REUTERS - North and South Sudan could join forces in a European Union-style pact if southerners vote to secede in Sunday's independence referendum, Sudan's president said in an interview on Friday.
President Omar Hassan al-Bashir told the Al-Jazeera TV channel southerners could a
lso be offered rights of free residency, movement, work and ownership in Sudan after the split, but added they could not be dual nationals.
They were the latest in a series of conciliatory comments from the president, two days ahead of the scheduled start of the vote on whether south Sudan should declare independence.
"We are not speaking now about joint defence. But there are now discussions about establishing a union between two partners to look for joint interests in security and economics and development like the European Union," said Bashir.
He did not specify who had been taking part in the talks. But northern and southern leaders have been locked in negotiations over how they would share oil revenues, debts, and other issues after an expected southern vote for separation.
"We need an agreement about the four freedoms," he said, referring to an existing deal granting Egyptians rights in Sudan including residency, work, entry without visas and the ownership of property and businesses.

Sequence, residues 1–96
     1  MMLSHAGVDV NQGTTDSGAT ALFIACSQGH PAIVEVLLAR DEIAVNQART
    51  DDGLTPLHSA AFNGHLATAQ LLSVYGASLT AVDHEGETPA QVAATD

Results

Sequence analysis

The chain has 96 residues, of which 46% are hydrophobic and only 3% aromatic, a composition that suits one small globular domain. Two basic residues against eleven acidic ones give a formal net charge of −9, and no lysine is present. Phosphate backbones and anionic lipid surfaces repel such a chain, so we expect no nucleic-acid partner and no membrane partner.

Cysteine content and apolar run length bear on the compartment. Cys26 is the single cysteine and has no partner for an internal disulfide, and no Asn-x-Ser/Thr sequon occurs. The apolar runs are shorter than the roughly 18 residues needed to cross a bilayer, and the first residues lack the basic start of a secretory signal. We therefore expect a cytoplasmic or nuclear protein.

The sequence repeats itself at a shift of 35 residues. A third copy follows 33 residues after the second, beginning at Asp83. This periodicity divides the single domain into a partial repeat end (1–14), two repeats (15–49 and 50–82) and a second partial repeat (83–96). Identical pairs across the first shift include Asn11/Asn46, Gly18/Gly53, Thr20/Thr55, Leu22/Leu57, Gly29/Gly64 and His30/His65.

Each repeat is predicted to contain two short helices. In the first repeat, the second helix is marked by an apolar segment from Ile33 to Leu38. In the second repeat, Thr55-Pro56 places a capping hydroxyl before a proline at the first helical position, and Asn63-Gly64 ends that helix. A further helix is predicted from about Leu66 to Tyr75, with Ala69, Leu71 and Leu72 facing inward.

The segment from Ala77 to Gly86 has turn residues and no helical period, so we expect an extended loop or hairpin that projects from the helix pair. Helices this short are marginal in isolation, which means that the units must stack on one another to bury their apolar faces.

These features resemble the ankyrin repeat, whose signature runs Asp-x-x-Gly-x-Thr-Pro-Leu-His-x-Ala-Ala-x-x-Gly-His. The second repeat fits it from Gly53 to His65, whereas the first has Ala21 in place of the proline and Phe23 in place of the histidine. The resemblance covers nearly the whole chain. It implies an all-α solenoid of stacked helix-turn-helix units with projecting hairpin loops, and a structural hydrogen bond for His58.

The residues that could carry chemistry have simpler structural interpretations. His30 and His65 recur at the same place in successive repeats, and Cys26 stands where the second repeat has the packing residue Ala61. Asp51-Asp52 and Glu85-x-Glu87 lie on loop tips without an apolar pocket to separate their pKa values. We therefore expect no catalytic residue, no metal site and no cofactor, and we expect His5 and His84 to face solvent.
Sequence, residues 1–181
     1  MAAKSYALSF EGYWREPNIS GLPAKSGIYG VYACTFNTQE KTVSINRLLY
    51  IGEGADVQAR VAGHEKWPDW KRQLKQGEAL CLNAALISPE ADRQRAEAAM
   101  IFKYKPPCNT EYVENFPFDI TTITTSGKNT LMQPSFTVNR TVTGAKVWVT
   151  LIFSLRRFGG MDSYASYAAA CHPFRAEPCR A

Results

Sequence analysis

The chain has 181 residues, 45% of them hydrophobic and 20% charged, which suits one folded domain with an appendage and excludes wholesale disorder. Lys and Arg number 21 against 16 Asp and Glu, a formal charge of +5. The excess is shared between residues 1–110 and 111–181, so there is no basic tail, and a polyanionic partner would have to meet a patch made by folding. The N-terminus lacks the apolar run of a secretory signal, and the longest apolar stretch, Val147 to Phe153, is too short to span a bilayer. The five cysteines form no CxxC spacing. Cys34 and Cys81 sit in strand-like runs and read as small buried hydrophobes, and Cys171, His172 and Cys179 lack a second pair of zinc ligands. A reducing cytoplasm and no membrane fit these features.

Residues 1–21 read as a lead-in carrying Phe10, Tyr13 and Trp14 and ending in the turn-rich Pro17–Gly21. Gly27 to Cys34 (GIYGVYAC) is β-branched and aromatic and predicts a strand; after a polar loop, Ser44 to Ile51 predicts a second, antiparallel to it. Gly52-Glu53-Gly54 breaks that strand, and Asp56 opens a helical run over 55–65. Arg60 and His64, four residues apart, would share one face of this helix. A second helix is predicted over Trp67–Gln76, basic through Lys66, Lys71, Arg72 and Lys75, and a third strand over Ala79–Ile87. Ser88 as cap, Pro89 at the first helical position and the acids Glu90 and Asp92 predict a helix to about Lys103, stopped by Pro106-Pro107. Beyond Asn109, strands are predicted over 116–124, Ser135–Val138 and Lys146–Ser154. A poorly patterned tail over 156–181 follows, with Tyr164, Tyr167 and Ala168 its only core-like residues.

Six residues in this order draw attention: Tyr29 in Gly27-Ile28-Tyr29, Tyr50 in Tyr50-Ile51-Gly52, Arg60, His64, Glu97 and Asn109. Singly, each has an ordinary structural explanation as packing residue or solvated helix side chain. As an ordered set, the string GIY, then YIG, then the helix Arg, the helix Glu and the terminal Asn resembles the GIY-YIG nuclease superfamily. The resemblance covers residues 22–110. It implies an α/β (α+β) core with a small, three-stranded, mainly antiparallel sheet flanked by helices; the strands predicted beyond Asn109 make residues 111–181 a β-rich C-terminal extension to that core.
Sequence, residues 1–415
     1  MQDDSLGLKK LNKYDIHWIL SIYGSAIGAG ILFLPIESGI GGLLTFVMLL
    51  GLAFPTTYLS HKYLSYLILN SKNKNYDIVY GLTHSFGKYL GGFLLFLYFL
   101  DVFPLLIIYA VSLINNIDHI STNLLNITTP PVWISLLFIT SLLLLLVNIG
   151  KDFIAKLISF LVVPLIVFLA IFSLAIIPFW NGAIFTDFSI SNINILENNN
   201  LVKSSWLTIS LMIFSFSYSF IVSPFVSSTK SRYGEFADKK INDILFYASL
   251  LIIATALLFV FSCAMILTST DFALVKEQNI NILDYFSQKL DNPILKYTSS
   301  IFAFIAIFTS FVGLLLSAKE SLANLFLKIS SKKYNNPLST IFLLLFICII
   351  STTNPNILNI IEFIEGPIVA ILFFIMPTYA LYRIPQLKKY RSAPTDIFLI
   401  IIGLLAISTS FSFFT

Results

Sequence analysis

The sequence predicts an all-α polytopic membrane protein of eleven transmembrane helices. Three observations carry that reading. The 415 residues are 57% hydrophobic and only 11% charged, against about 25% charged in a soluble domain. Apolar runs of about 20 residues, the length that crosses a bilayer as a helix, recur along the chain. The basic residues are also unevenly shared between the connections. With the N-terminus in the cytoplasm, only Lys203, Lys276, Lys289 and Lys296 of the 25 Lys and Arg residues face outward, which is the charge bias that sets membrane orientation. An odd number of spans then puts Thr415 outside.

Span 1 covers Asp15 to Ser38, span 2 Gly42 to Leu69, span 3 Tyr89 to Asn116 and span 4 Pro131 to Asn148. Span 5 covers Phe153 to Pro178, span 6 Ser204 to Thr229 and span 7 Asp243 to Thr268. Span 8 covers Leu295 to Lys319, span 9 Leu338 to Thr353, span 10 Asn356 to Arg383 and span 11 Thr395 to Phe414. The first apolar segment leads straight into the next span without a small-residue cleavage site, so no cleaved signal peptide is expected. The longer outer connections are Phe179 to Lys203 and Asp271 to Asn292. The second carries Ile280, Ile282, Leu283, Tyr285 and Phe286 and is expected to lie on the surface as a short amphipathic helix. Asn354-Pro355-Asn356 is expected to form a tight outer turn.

He said southerners could not have dual north-south nationality after a split and would be barred from state jobs.
Bashir warned the Dinka Ngok tribe, associated with the south, against annexing the contested central Abyei region, saying it could lead to conflict.
The status of Abyei is another issue that needs to be resolved in the south's expected transition to independence, along with the position of the north-south border.
Senior members of Bashir's National Congress Party (NCP), who were campaigning for unity, have acknowledged southerners are almost certain to choose independence in the week-long vote, scheduled to start on Jan. 9.
The vote was promised in a 2005 peace deal that ended decades of north-south civil war, Africa's longest conflict that killed an estimated 2 million people.
There was a jubilant mood on the streets of the southern capital Juba as independence supporters danced, chanted and held rallies.
"I feel great because we are going to have our own nation, free, fair with justice and equality," said Robert Pitia, a taxi driver from Juba.
Bashir visited Juba on Tuesday and promised to accept the result of the vote.
On Thursday, Sudan's foreign minister Ali Karti built on the conciliatory mood telling reporters in Khartoum: "If the referendum is carried out in a correct way with no interference then we will be the first state to recognise the south and we will be the first embassy in the south."
Sudan's former vice president Joseph Lagu told Reuters on Thursday the north and south need a common authority to coordinate political and economic issues after the referendum similar to the East African Community, a five-nation trade bloc.